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„Eroul necunoscut” - un profil etnologic
An Ethnological Profile of the ”Unknown Hero”

Author(s): Ioana-Ruxandra Fruntelată
Subject(s): Ethnohistory, Oral history, Culture and social structure
Published by: ASTRA Museum
Keywords: notebook; ”unknown hero”; archaic mentality; Transylvanian village; Dicu;

Summary/Abstract: Several interpretations of the term „hero” are possible, depending on the context of reference. Nevertheless, it is common place that heroism implies as its first trait violent death embraced by the hero for the benefit of the community. Violent death is fertile and connected to sacrifice in archaic mentality. As battles or wars are the most frequent opportunity for a person to meet violent death, war culture should also be taken into consideration for understanding the substance of heroism.The two World Wars are the last modern wars associated to violent death, as postmodern wars are allegedly ”zero dead” confrontations. The term ”unknown hero” or ”unknown soldier” was coined to depict the anonymous dead in the modern wars, who are usually common people remembered for their sacrifice to defend an idea (most of the times the national idea). ”Unknown heroes” do not choose or are not chosen to die, in fact, they fall in battle while trying to survive it. Their heroism consists in the power to preserve their humanity under atrocious circumstances and is documented by their front line diaries, correspondence and other written materials. Their attributed heroic quality points more to a compensatory function for the loss of so many lives than to a creative function for the society they belonged to. In Romanian rural communities, war heroes are honoured on the Ascension Day (40 days after Easter) together with all ancestors of the place, irrespective of the circumstances of their death.An ethnological approach of the issue, aiming to identify and explain rationally the rules that people abide by, although unaware of that, would regard ”unknown heroes” as result of a process of acculturation between inherited oral culture and informal war culture. I analyse as such a representative ethnological document, a front line diary belonging to Ioan Dicu, a Romanian householder in a Transylvanian village. Dicu died in a prisoner camp in Russia in 1945. His notebook was transmitted by his wife to ethnologist Ilie Moise in the 1970s and Mr. Moise had it published in 2010.Dicu’s discourse displays elements of his inherited rural agricultural background interwoven with recurrent motifs in the mass culture of his time, School and Church being the most important references alongside with his fondness for family and home. The author of the diary is able to cope with the draining war journey toward the Eastern front line by preserving his core values, which are love for home, faith and solidarity. The identity of the ”unknown hero” is centered around those values which assert him as an exemplary human being. He is not a revolutionary but a conservative whose greatness is the power to bear his ”village” with him in order not to get lost in an anomic world. We can speak of a category of ”unknown hero” including people who could survive the horrors of war life, even if they didn’t survive the war. The accounts of such front liners are documents to an extremely alien reality but also to a liminal state of mind of those experiencing war close up.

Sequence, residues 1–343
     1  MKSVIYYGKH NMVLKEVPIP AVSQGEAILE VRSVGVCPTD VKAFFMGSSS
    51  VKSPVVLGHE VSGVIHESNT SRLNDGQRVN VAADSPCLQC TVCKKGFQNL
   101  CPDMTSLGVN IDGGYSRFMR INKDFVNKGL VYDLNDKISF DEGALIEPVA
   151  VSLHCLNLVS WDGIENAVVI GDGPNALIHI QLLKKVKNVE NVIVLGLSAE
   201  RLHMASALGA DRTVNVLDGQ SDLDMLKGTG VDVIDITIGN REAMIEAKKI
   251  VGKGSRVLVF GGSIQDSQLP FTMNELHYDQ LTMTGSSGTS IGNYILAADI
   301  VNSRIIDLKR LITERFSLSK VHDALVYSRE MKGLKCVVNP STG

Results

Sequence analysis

• Issue Year: XXVII/2013
  • Issue No: 27
  • Page Range: 72-82
  • Page Count: 11
  • Language: Romanian